In this WWW: What’s the point of marriage? — three books on marriage; ten sure signs we’ve lost our minds; word studies; Dr Tim McGrew on the reliability of the gospels; why the afterlife bores us; reading; Christians in business; preparing for suffering; and conference media from Ligonier and Desiring God. Read the rest of this entry »
In this WWW: Ten reasons youth leave church; “How can I tell if I’m called to pastoral ministry?”; advice on parenting young kids; poets and theologians; Stuart Townend asks, “Do we really need more worship songs?”; and Bach’s Toccata and Fugue in D minor played on the glass harp.
In this WWW: Science and Christianity; how C.S. Lewis wrote The Chronicles of Narnia, and how we should read them; theology and doxology belong together; the danger of mission statements; and Leonard Cohen’s song Hallelujah gets a lease on new life. Read the rest of this entry »
In this WWW: Seven reasons to like Matt Redman’s 10 000 Reasons; free audiobook of Roger Resler’s Compelling Interest: The real story behind Roe v. Wade, and other resources on abortion; the critics aren’t happy about Mumford & Sons; lectures on CS Lewis; and how to start a pastoral training programme in your church.
This hymn has been resounding in my head since we sang it at church this morning.
O God beyond all praising is sung to Thaxted, a stirring adaptation of the main theme of the Jupiter movement of Gustav Holst‘s The Planets, which is one of my all-time favourite orchestral compositions. (You’ll also recognise the tune from the British patriotic hymn I vow to thee, my country and, more recently, from the World in union theme song of Rugby World Cups since 1991.)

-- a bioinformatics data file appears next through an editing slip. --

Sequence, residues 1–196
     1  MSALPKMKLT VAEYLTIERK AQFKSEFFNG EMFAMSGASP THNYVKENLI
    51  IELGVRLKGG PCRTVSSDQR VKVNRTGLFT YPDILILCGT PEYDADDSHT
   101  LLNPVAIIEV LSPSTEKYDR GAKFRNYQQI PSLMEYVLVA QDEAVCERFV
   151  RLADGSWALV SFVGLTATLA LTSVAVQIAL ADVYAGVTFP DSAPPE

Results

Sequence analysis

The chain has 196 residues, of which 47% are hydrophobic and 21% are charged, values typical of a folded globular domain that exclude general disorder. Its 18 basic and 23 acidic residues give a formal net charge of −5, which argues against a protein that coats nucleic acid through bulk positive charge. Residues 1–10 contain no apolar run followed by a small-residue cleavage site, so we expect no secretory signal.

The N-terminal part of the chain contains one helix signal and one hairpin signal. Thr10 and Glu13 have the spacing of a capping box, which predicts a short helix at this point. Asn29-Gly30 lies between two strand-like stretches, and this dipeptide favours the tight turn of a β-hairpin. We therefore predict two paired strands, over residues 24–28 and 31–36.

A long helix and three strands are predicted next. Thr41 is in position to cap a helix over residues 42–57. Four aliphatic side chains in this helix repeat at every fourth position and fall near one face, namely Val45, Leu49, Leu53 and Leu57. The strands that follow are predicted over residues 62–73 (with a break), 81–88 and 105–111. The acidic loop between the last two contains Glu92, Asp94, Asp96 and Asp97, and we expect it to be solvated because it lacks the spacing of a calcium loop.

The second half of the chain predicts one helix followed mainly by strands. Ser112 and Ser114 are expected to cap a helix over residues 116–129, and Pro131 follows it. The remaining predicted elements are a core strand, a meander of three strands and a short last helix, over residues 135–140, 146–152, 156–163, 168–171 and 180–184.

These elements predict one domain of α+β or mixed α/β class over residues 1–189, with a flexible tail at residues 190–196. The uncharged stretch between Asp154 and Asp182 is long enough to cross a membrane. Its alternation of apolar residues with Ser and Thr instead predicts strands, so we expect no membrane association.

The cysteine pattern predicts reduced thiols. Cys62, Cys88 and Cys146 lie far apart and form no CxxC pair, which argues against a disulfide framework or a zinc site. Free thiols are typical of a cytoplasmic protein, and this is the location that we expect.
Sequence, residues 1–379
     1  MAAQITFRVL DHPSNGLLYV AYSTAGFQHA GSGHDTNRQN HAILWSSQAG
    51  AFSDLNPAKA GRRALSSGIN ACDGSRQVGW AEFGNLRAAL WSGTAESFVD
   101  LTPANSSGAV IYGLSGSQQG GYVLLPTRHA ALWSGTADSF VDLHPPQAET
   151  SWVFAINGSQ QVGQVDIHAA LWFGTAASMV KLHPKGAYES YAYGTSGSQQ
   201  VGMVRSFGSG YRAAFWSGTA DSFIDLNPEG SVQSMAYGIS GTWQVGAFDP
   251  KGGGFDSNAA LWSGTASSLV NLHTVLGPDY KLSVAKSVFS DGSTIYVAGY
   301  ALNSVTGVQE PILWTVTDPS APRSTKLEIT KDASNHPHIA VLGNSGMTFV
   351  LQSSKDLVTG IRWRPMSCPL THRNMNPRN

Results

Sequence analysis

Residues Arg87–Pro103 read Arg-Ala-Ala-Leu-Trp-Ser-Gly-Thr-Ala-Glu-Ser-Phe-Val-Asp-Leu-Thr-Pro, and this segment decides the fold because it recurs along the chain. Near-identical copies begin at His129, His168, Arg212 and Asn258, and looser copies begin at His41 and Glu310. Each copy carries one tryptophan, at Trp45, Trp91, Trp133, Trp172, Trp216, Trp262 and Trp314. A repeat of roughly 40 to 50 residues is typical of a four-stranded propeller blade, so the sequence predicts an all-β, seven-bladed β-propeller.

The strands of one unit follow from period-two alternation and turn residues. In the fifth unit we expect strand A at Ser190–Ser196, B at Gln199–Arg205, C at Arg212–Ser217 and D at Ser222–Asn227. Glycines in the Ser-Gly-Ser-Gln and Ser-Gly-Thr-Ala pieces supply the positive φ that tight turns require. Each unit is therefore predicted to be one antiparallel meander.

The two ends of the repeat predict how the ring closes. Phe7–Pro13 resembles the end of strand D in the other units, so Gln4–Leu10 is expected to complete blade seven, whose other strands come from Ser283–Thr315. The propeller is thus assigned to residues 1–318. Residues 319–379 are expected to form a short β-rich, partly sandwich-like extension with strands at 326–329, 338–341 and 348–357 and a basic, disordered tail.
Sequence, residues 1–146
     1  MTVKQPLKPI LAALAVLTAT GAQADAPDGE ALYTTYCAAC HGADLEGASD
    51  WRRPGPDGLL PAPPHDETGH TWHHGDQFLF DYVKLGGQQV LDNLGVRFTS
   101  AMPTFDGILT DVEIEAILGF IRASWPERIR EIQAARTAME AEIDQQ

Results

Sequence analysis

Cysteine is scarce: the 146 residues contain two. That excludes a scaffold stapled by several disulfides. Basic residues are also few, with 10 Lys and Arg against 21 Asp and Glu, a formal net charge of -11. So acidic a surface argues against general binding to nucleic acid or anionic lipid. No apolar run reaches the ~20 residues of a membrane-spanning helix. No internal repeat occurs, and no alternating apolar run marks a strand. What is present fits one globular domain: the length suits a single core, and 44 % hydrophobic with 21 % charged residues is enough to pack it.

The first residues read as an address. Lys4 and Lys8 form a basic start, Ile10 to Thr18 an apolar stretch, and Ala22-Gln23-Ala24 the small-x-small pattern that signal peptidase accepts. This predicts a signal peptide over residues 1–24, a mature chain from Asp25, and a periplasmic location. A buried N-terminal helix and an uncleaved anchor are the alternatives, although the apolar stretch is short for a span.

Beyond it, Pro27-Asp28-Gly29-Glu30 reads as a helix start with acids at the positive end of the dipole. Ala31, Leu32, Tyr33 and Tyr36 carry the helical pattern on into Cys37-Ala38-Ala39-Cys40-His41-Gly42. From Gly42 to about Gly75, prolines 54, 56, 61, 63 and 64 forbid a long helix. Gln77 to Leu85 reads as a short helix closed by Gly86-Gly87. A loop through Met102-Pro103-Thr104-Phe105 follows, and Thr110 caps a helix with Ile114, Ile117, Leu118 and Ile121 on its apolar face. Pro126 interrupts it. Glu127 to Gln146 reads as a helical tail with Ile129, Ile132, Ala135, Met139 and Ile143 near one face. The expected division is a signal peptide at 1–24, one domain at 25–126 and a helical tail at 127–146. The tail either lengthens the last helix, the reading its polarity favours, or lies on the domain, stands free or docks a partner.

But while the tune is stirring, it is the words which speak loudest: “O God beyond all praising” – for how can our words ever repay Him for the great salvation He bought by His own blood, for the infinite riches of Christ? We sing of “love amazing that songs cannot repay”; He bids us “make a joyful duty our sacrifice of praise.”
Through Him then let us continually offer up a sacrifice of praise to God, that is, the fruit of lips that acknowledge His Name. (Hebrews 13v15, ESV)
Well, Easter is with us: the time for remembering God’s grace, love, and purpose for us
Today is also special to me because it was one year ago that I moved to Stellenbosch. The past year has been one one of major challenges, questions and choices; but also one of the greatest excitement, discovery, growth, joy and purpose. Let me remember with you some of the highlights of this past year. For those of you whom I’ve been fortunate to see recently, I hope you’ll pardon the remiss repetition; for those further afield, I do miss you and you are always in mind! Read the rest of this entry »